If you’ve taken part in many writers workshops you will probably have come across the ‘kicker line exercise’. This is when you are given a sentence, or part of one, and asked to use it as the beginning of a story.

Like being given a theme, such exercise always seem, to me at least, to send you off in a direction you don’t want to go. The trick, I suppose, is to bend that beginning to your own end. Almost ten years ago, not long after I started writing short fiction, I was lucky enough to win a kicker line competition organised by the local radio station, BBC Radio Cumbria. A local writer, Maggie Norton, from the south lakes area, provided the kick. The story is still on the station website I think. I subsequently titled it ‘Exit Alarmed’ and it was one of the sixteen stories in the short fiction chapbook ‘Second Time Around’ (2006).

Kicker line exercises are a technique I’ve rarely used in the Facets of Fiction workshop series, though I don’t deny the validity of the challenge. Start from here, they invite you, and go where you will. A more interesting approach might be to provide what I have called a ‘catcher line’ – and am happy to rename if you know or can think of a better one! That is the line the story ends with.

This exercise requires, I suspect, a little more focus, for it not only says, here’s a place, now find your way to it, but also demands that you think about what sort of place it is. You leave the beginning behind, but how you get to the end is everything. The ending is what a short story is about. Here’s where I can haul that old joke out again, about the local yokel, who tells the lost city slicker, if I was wuz gowin’ there I wouldn’t start from here.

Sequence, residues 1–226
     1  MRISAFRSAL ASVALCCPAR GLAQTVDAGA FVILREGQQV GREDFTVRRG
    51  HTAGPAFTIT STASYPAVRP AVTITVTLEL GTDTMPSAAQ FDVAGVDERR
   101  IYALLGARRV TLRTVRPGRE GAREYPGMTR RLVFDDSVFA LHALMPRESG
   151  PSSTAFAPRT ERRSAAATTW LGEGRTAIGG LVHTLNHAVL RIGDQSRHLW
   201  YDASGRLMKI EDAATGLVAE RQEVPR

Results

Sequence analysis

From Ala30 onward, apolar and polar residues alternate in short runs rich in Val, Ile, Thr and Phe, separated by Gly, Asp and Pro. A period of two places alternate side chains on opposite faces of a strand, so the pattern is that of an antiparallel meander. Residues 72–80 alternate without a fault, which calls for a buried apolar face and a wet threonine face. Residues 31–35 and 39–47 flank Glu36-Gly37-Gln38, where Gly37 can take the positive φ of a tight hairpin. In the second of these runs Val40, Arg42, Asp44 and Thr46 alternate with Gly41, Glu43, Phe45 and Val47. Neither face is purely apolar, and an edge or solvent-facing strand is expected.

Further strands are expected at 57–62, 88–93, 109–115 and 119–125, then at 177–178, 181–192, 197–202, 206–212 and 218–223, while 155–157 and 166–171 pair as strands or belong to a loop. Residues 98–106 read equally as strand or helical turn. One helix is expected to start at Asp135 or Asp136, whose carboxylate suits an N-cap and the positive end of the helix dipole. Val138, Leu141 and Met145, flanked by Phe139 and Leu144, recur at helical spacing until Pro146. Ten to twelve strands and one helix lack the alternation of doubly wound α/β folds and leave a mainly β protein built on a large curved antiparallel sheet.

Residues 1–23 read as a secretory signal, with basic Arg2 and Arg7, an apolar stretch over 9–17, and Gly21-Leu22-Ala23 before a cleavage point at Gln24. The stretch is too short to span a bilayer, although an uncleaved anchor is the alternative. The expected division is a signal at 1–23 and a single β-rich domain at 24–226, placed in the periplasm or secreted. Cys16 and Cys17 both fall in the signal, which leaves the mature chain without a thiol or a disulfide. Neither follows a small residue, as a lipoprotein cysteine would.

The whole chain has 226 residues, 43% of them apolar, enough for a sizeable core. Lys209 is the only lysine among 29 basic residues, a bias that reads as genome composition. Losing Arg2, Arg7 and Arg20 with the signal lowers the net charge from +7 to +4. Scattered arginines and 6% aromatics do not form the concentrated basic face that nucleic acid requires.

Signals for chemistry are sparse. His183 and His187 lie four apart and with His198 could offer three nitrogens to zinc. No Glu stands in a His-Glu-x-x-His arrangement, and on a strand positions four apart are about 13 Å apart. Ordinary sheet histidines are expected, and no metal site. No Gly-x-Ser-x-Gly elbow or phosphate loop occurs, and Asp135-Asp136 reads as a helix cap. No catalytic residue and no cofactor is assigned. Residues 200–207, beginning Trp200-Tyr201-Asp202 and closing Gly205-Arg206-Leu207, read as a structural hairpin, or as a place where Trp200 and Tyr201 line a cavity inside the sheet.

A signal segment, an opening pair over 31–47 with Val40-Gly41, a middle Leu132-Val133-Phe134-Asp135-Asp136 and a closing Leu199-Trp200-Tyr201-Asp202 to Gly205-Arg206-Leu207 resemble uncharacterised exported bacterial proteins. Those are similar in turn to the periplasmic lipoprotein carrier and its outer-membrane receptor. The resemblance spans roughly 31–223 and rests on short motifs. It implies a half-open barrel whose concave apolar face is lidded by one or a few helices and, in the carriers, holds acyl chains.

Because the catcher line leaves you to, or demands that you, decide where you are starting from. It also demands that you work out just what that catcher line means, or might mean, depending on the context you place it in – and that context is, in effect the experience of the jouney you take to get to it.

This is another one of those exercises that reveals the malleability of language – the way that words and clusters of words do not necessarily, and perhaps almost never, have fixed meanings for or specific effects upon their readers. Climb a five hundred foot hill in Norfolk, if you can find one, and you’ll feel you’re pretty high up. Climb one in the Cairngorms and the peaks will look down all around you. The context of story that you provide for the catcher line must not only match the meaning of the ending, it must create it.

Here’s the catcher line I gave my Facets of Fiction writers recently:

‘…….threw down the cigarette and crushed it, and walked away.’

Try it, if you have a mind to, as a 500 word flash fiction, or as a longer piece (say, 1000-1500 words). I’d be interested to see what you come with.

Another thing you might catch is the Maryport Literary Festival – 2nd to 4th November…… That’s next weekend to you and me, from here and now! Follow the link :



Look out for another short story on Vimeo too….. at BHDandMe